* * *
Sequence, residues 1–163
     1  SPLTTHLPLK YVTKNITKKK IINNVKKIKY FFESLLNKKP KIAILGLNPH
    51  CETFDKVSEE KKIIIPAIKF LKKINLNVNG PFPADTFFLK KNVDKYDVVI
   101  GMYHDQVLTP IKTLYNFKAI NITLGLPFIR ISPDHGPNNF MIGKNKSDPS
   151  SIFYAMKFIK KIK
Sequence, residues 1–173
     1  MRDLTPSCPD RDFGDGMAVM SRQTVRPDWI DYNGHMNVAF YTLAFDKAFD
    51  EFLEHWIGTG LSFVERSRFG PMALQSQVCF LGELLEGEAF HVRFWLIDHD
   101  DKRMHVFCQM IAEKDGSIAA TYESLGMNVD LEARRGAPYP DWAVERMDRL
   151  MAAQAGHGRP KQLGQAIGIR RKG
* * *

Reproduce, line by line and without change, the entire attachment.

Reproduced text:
Sequence, residues 1–163
     1  SPLTTHLPLK YVTKNITKKK IINNVKKIKY FFESLLNKKP KIAILGLNPH
    51  CETFDKVSEE KKIIIPAIKF LKKINLNVNG PFPADTFFLK KNVDKYDVVI
   101  GMYHDQVLTP IKTLYNFKAI NITLGLPFIR ISPDHGPNNF MIGKNKSDPS
   151  SIFYAMKFIK KIK
Sequence, residues 1–173
     1  MRDLTPSCPD RDFGDGMAVM SRQTVRPDWI DYNGHMNVAF YTLAFDKAFD
    51  EFLEHWIGTG LSFVERSRFG PMALQSQVCF LGELLEGEAF HVRFWLIDHD
   101  DKRMHVFCQM IAEKDGSIAA TYESLGMNVD LEARRGAPYP DWAVERMDRL
   151  MAAQAGHGRP KQLGQAIGIR RKG